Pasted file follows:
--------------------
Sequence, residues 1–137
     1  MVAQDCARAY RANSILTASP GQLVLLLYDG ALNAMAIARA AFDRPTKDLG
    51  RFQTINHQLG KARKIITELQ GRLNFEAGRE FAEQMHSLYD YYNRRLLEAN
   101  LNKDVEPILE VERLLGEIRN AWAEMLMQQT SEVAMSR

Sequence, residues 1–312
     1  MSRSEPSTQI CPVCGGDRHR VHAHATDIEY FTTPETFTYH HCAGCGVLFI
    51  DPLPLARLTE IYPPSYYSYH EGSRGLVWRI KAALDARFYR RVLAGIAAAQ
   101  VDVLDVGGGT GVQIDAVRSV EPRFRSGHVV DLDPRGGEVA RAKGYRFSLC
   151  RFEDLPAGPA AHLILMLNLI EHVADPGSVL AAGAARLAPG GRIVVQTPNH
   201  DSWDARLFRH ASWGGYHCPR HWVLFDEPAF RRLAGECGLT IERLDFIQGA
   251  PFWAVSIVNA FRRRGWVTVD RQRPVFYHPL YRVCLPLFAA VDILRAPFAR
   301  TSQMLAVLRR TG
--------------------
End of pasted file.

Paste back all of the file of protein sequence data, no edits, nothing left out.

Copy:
Sequence, residues 1–137
     1  MVAQDCARAY RANSILTASP GQLVLLLYDG ALNAMAIARA AFDRPTKDLG
    51  RFQTINHQLG KARKIITELQ GRLNFEAGRE FAEQMHSLYD YYNRRLLEAN
   101  LNKDVEPILE VERLLGEIRN AWAEMLMQQT SEVAMSR

Sequence, residues 1–312
     1  MSRSEPSTQI CPVCGGDRHR VHAHATDIEY FTTPETFTYH HCAGCGVLFI
    51  DPLPLARLTE IYPPSYYSYH EGSRGLVWRI KAALDARFYR RVLAGIAAAQ
   101  VDVLDVGGGT GVQIDAVRSV EPRFRSGHVV DLDPRGGEVA RAKGYRFSLC
   151  RFEDLPAGPA AHLILMLNLI EHVADPGSVL AAGAARLAPG GRIVVQTPNH
   201  DSWDARLFRH ASWGGYHCPR HWVLFDEPAF RRLAGECGLT IERLDFIQGA
   251  PFWAVSIVNA FRRRGWVTVD RQRPVFYHPL YRVCLPLFAA VDILRAPFAR
   301  TSQMLAVLRR TG